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October 07, 2005

Maybe it really IS Harriet Miers's blog

If this story is true, then maybe that blog really is being written by Harriet Miers:

In an initial chat with Miers, according to several people with knowledge of the exchange, Leahy asked her to name her favorite Supreme Court justices. Miers responded with "Warren" -- which led Leahy to ask her whether she meant former Chief Justice Earl Warren, a liberal icon, or former Chief Justice Warren Burger, a conservative who voted for Roe v. Wade. Miers said she meant Warren Burger, the sources said.
It's very sad when your Supreme Court nominee is not as sharp as Patrick Leahy. And even if she actually meant Burger, that's a absolutely pathetic choice. Burger was a complete mediocrity and a pompous windbag, to boot.

Also, Charles Krauthammer calls for the nomination to be withdrawn.

(Both items via Bench Memos.)

UPDATE: This is hardly reassuring (from K-Lo at Bench Memos):
This is what I'm told happened:

"Miers was asked about Justices she admired. She responded that she admired different Justices for different reasons, including Warren — interrupted by Senator Leahy — Burger for his administrative skills.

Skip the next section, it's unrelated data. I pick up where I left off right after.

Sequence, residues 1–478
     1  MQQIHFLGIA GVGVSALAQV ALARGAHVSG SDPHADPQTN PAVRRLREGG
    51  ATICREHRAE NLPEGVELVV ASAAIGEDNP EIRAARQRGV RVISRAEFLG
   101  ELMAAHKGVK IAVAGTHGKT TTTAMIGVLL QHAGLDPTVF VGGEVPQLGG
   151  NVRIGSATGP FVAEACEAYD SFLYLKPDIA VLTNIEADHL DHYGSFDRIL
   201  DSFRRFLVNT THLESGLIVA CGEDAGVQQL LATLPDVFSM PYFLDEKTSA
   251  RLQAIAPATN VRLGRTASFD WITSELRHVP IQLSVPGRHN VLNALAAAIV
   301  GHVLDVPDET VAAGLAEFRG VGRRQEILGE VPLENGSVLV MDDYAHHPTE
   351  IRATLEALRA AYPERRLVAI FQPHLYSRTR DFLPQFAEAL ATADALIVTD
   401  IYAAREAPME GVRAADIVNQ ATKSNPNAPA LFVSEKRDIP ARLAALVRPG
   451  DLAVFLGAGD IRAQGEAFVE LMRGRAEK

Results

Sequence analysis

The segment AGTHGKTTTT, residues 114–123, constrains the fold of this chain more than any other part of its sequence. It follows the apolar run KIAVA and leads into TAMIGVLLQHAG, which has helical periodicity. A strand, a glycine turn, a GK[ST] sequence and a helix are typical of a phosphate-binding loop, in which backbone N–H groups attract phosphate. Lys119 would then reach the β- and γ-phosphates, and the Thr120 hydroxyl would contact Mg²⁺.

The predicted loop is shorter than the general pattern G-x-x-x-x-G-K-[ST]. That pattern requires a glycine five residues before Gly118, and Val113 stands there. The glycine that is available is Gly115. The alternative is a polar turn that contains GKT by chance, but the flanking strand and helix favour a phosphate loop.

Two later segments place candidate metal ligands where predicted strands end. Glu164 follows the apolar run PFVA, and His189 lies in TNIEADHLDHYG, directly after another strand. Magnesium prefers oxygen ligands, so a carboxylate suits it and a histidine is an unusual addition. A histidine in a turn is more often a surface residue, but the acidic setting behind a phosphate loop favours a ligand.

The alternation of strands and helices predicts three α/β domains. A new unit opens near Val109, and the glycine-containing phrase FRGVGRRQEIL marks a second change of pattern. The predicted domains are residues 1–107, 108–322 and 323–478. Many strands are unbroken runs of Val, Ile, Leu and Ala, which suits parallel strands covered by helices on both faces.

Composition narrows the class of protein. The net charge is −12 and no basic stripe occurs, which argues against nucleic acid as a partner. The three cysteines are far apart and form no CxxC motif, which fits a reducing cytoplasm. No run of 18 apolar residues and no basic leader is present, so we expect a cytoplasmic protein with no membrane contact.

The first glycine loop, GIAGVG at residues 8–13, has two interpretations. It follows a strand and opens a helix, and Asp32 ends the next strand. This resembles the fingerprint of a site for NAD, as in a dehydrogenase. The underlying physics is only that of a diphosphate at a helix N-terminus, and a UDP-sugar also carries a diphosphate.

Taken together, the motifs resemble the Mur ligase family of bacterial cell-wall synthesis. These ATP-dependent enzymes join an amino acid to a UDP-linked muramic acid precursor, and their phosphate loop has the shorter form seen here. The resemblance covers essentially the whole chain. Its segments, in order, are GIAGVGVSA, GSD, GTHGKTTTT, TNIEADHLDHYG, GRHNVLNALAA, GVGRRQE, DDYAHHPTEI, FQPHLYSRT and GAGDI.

Reasonable people could ask whether Burger was a great administrator, but the comment is taken out of context by the Washington Post. Miers didn't express admiration for his jurisprudence."
I notice that the person who reported this to K-Lo didn't mention any of the other justices Miers admired, leaving us with the suspicion that the list was not one to put us, or anyone, at ease.

Senator Leahy: What's your favorite case?
Harriet Miers: Brown.
Senator Leahy: Brown v. Board of Education?
Harriet Miers: Case? Oh, I thought you were referring to litigation bags.

UPDATE: Jim Lindgren at the Volokh Conspiracy says that Burger was a lot like Ted Baxter.

UPDATE: The whole Earl-Warren-Burger business reminds me of the confirmation hearings for Bill Lucas as head of the Civil Rights Division at the Justice Department in 1989. Lucas, by all accounts a nice man but way, way out of his league, was asked about certain major civil rights decisions by the Supreme Court. He apparently hadn't read them, and my recollection is that he didn't seem to have heard of them.

UPDATE (10/12): More spin on the story in the Washington Post.

UPDATE (10/12): The Post's articles online often have a "who's blogging?" box. Look at this screenshot and tell me who doesn't belong. You get three guesses and the first two don't count.